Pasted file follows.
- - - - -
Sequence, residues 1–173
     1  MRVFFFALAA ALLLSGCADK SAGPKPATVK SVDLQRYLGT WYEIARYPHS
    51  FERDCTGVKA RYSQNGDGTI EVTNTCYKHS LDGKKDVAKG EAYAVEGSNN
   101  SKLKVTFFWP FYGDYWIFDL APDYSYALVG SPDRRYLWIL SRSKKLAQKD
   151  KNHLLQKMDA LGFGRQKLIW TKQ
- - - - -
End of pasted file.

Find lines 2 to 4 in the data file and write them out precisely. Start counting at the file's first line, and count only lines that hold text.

     1  MRVFFFALAA ALLLSGCADK SAGPKPATVK SVDLQRYLGT WYEIARYPHS
    51  FERDCTGVKA RYSQNGDGTI EVTNTCYKHS LDGKKDVAKG EAYAVEGSNN
   101  SKLKVTFFWP FYGDYWIFDL APDYSYALVG SPDRRYLWIL SRSKKLAQKD